Duinnín agus an Bhean nár tugadh Nimh di
Neimh, e, f., poison venom, virulence, pus. . . neimh na ndúl i ngrúg na gaoithe, all the venom of Nature in the fury of the wind (Kea.). . . Tá neimh na meanadh ar an snáthaid, the poison of the awl is on the needle (of inherited qualities); domlas dragúin agus neimh thríd suaidhte go mbadh é deoch do shuain é ar uair do bháis.. . .
|dúl = dúil||element (of creation)|
Bhí an bhean bheag liath roimhe[?] ina pharlús nuair a d’fhill an tAthair Pádraig Ó Duinnín ón leabharlann Náisiúnta go dtí an bungaló i bPort Mhearnóg mar a mbíodh cónaí air. Ní raibh tine ar lasadh ann agus bhí taise an fhómhair agus taise an tsáile sa pharlús. Bhí an beanín, cuachta ina cóta liath, suite ar imeall cathaoireach. Ainneoin an fhuachta, bhí péacáin allais ar a héadan. D’éirigh sí go scáfar nuair tháinig sé isteach.
The little gray woman was in his parlor before Father Patrick Dineen returneed from the National Library to the bungalow in Portmarnock where he lived. There was no fire lit and the dampness of the autumn and the moisture of the sea were in the parlor. The little woman, wrapped in a gray coat, was seated on the edge of a chair. In spite of the cold, there were drops of sweat on her face/forehead. She rose up timidly when he came in.
taise Dampness, moistness, humidity; softness, smoothness, tenderness; mildness, gentleness; kindness, compassion; Fetch, wraith f sáile Sea-water, sea; Ease, comfort f cuachta bundled, wrapped imeall Border, edge, rim, margin m Ainneoin notwithstanding, in spite of péacán Sprout, shoot, plumule m éadan face m scáfar Fearful; Frightful, dreadful; Timid, apprehensive
‘Ag cur isteach ort. . . mo mhíle leithscéal. . . imeoidh mé . . . níor chóir dom teacht. . . i ndeireadh na feide. . . Síleann Miss Montague gur thugas nimh di.’
‘Tar isteach sa chistin, a thaisce agus beidh cupán tae againn agus féadfaidh tú a inseacht dom ina thaobh. Cé hí Miss Montague?’
Bhain sé siar[?}] as an mbeanín nach mbeadh aithne ag gach éinne ar Miss Montague.
‘Miss Montague a fhostaíonn mé mar chompánach. Níl an tsláinte go maith aici.’ [end p 22]
‘Interfering with you. . . my apologies. . . I will go . . . i shouldn’t have come. . . at the end of my rope . . . Miss Montague thinks I gave poison to her.
Come into the kitchen, my dear and we will have a cup of tea and you can tell me about it. Who is Miss Montague?
The little woman was taken aback that not everyone would know Miss Montague.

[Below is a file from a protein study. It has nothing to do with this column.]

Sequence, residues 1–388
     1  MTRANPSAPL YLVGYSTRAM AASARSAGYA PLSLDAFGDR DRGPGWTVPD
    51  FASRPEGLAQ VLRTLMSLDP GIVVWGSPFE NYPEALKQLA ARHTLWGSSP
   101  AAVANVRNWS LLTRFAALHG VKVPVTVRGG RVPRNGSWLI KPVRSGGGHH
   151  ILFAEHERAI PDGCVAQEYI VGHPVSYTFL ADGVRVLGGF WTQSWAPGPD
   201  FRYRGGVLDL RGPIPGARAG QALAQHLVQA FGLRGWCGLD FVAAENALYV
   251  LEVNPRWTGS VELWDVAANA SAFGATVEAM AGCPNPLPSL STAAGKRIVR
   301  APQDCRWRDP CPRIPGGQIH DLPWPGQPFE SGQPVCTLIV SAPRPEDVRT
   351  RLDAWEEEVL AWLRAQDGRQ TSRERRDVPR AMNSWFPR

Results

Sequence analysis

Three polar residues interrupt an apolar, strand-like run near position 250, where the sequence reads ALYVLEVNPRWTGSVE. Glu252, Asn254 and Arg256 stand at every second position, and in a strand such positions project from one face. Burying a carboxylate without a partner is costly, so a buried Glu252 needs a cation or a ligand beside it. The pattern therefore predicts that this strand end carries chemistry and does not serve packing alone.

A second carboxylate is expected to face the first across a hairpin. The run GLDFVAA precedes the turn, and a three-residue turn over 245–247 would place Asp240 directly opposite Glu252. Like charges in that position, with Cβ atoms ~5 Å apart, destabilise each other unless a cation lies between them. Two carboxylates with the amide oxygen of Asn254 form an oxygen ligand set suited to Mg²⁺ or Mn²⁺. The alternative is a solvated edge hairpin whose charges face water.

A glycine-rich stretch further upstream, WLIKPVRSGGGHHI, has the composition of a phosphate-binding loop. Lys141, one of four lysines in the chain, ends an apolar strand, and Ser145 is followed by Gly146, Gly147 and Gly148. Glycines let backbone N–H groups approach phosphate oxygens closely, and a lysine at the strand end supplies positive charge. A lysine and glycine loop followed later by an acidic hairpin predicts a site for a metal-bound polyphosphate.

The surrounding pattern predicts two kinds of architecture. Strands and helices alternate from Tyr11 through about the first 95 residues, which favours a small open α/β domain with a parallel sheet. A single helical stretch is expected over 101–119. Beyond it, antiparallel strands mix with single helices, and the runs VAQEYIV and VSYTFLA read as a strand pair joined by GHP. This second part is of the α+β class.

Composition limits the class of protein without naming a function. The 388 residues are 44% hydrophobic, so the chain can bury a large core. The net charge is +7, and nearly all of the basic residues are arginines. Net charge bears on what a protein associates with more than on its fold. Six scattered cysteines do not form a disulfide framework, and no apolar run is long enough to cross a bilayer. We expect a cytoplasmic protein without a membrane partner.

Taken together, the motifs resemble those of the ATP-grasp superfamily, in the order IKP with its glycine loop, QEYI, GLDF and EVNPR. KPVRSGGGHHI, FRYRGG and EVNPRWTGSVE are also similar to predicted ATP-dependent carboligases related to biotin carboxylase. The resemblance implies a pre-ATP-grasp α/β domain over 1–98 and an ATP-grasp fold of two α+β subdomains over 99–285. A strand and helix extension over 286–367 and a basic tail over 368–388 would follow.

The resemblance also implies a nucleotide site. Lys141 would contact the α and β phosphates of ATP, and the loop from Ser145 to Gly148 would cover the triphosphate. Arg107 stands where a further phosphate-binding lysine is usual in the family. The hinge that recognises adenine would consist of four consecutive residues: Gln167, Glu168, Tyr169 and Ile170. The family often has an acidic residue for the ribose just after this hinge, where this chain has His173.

‘Miss Montague who employs me as a companion. She is not in good health.
inseacht = insint Relation, narration, utterance; version fostaigh Catch, hold fast, grip; Engage, retain in service; hire, employ
‘Bhfuil galar éigin ar leith uirthi?’
‘Tá sí leochaileach. Briseann sé a croí go mbíonn uirthi a lán ama a chaitheamh ar an leaba. ‘Augusta,’ a deirim léi, – thug sí cead dom Augusta a thabhairt uirthi – “ní mór duit aire a thabhairt duit féin nó beimid uilig go léir san fhaopach”.’
‘Scríobhann sí filíocht is dócha?’
‘Filíocht den scoth.’
‘Tá sí saibhir?’
‘Does she have some specific disease?’
‘She is fragile. It breaks her heart that she has a lot spend time in bed.’ ‘Augusta,’ I say to her, – she allowed me to call her Augusta – “you have to take care of yourself or we will all be in a fix”.’
‘She probably writes poetry?’
‘Is she rich?’
galar Sickness, disease m ar leith separate; distinct, special leochaileach Frail, fragile, tender aire Care, attention f san fhaopach in an awkward predicament, in dire straits, in a fix
‘Bhí siopa ag a hathair, ach bíonn oiread sin éilimh uirthi. . . an teach, dochtúirí, tuarastal Mrs. Brown, fiacha Andrew – nia le Miss Montague é – go mbíonn uirthi bheith tíosach.’
Bhí an chistin níos teolaí. Níor ghá ach an priocaire a shá sa sorn chun an citeal a bhí anuas air a chur ag siosmairt.
‘Bain díot an cóta sin. Suigh chun [takes g] boird agus bíodh canta aráin agat. . .’
Bhris an gol ar an mbeanín. Mhúch sí láithreach é le ciarsúr maith mór.
‘Ní nós liom. . . brón orm. . . tú chomh lách. . . cneasta. . . tae a dhéanamh dom.
‘Her father had a shop, but there are so many demands on her. . . the house, doctors, Mrs. Brown’s salary, debts of Andrew – he is a nephew of Miss Montague – she has to be thrifty.’
The kitchen was more comfortable. It was only necessary to stab the poker into the stove to make the kettle was down on it sizzle.
‘Take off that coat. Sit at the table and have a chunk of bread. . .’
The little woman broke down in tears. She immediately ??? her face with a good large handkerchief
‘Not my way. . . I am sorry. . . you are so friendly. . . decent. . . Make me tea.’
éileamh claim, demand méilimh tuarastal salary, wages; hire m fiach debt m npl fiacha nia nephew m tíosach Economical, thrifty; frugal, sparing teolaí Warm, cosy, comfortable priocaire poker m sá Thrust, stab; push, press; dart, lunge sorn furnace m canta chunk m gol Weeping, crying m Múch Smother, suffocate; Quench, extinguish láithreach Present, immediate ciarsúr Kerchief, handkerchief m lách Pleasant, affable, sociable, friendly cneasta Honest, sincere; Decent, seemly
‘Cén t-ainm atá ort, a thaisce?
‘Minnie Hayes, a Athair.’
‘Agus cá bhfuil cónaí ort?’
‘Le Miss Montague, Ardán an Gharráin, Ráth Maonais, in aice na hEaglaise, a Athair.’
‘Agus tá tú fostaithe mar chompánach?’
‘Gheibhim bheith istigh in aisce agus liúntas beag.’
‘Agus síleann Miss Montague gur thug tú nimh di.’
‘Tá sí i bhfad ró-uasal a leithéid a rá, ach tá’s agam go bhfuil faitíos uirthi anois roimh mo chuid cócaireachta. Ón uair gur buaileadh breoite í don chéad uair, déanann sí a cuid cócó féin ag am suipéir. . .’ [end p 23]
‘What is your name, my dear?’
‘Minnie Hayes, Father.’
‘And where do you live?’
‘With Miss Montague, Grove Terrace, Rathmines, near the Church, Father.’